After near bankruptcy in 2012, American Airlines Group (NASDAQ:AAL) staged a solid comeback to the number one spot. In 2020 however, no travel or entertainment could escape the contamination of the coronavirus that has caused an unprecedented slowdown in the sectors. As the spread of the virus quickly made the United States the most infected country in the world, the fear of infection seeped into the public following which passenger volumes are down to 92%, after a steep recovery from 95% down.
Following the unprecedented fall in demand the aviation sector was looking at a complete collapse and mass unemployment. Due to the cost-intensive nature of the business and little to no revenue, the airlines looked to the government that stepped in with a $25 billion support grant and collateralized loans. Under the CARES Act, American received $5.8 billion, mostly in grants, and $4.8 billion in loans from the Treasury (American Airlines). The company has the highest cash-burn of all operators, ranging between $50 million and $70 million a day.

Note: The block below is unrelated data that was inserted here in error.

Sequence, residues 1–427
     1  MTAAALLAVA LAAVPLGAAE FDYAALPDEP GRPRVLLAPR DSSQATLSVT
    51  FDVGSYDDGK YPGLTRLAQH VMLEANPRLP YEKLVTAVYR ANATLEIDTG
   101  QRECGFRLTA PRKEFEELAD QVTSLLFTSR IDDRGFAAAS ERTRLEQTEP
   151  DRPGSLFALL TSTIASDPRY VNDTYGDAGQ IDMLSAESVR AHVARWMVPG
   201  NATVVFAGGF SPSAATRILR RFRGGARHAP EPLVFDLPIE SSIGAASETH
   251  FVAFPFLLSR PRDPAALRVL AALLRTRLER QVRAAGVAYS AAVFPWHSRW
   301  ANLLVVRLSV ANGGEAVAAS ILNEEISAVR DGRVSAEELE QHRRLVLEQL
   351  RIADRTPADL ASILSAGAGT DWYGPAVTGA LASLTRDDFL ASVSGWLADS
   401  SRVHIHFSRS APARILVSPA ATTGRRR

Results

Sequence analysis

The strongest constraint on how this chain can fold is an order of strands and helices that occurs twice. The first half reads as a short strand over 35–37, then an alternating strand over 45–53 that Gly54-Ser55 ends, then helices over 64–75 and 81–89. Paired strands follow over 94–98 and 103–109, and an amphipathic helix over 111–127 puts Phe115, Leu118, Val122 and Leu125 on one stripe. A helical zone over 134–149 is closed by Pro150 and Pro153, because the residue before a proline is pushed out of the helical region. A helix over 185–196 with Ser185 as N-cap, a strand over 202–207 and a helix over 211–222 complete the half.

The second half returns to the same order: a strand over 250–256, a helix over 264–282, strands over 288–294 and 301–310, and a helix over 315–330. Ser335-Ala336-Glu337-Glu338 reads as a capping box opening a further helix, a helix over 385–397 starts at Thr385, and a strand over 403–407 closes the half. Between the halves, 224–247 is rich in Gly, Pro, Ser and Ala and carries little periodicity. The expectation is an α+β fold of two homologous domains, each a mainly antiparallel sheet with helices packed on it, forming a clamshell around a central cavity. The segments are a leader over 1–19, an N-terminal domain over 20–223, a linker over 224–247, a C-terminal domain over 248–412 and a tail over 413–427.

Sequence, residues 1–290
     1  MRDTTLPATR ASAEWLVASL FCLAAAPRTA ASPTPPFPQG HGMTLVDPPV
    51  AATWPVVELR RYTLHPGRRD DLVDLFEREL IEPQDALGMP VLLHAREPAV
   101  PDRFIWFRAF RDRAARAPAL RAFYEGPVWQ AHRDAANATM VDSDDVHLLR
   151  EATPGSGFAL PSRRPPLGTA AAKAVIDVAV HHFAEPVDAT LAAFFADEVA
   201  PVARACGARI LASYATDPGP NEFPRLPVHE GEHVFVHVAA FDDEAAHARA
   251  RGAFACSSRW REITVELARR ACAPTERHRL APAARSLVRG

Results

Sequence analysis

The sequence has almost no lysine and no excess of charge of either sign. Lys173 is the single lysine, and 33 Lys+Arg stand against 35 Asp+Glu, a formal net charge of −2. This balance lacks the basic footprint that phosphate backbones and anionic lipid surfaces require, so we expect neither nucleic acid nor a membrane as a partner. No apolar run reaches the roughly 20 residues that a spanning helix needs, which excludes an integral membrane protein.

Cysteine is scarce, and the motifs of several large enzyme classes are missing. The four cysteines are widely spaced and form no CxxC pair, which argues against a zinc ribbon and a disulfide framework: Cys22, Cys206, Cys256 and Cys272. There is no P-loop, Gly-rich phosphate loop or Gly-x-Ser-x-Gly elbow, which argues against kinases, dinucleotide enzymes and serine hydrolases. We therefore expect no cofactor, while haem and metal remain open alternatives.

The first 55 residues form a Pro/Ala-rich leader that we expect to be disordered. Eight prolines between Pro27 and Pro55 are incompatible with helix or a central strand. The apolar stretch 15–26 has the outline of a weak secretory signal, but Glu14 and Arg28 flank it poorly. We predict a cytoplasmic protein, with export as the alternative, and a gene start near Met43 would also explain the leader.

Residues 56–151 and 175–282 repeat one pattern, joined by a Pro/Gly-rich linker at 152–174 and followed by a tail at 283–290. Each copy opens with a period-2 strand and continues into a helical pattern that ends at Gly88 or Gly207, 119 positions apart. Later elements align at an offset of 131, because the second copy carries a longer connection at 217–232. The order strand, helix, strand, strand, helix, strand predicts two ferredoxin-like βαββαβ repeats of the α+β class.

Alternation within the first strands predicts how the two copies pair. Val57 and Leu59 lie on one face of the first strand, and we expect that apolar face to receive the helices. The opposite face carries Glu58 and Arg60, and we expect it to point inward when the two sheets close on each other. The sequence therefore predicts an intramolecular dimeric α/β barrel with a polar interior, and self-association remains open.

As a result of contamination fears and social distancing, airlines are being forced to offer just 60% of all seats on airplanes. Sadly, lower capacity does not result in lower costs. As the outlook of the sector looks bleak, airlines have started to face hurdles in raising fresh capital. Earlier in the month, United Airlines was forced to scrap its $2.25 billion senior bonds despite offering an 11.5% yield. Investors are expecting unfeasible yields due to the risks involved. (WSJ)
This is where American Airlines’ worries start. The company announced at earnings that it expects to have about $11 billion in liquidity at the end of Q2. What is scary is that almost all of this was received from the government ($10.6 billion total from CARES and the Treasury). The company expects a cash burn of $6 billion for the quarter and $4.5 billion for Q3. Hence, the airline might face a huge liquidity crunch as the last two quarters of the year can burn through all available liquidity. (Forbes)
The company also has a mammoth $40 billion of debt on its books, $2.78 billion of which is due this year, $3.5 billion due in 2021, $2.3 billion due in 2022, $4 billion in 2023, $1.5 billion in 2024 and $9.6 billion post-2025. Given that the company is very tight on liquidity, it has $2.7 billion due at the end of this year, and another $15 billion due over the next five years, American Airlines might be looking at bankruptcy again. (Seeking Alpha)
The company is backed into a corner as new debt would almost certainly be very expensive and new equity will be very cheap if demand doesn’t rebound strongly.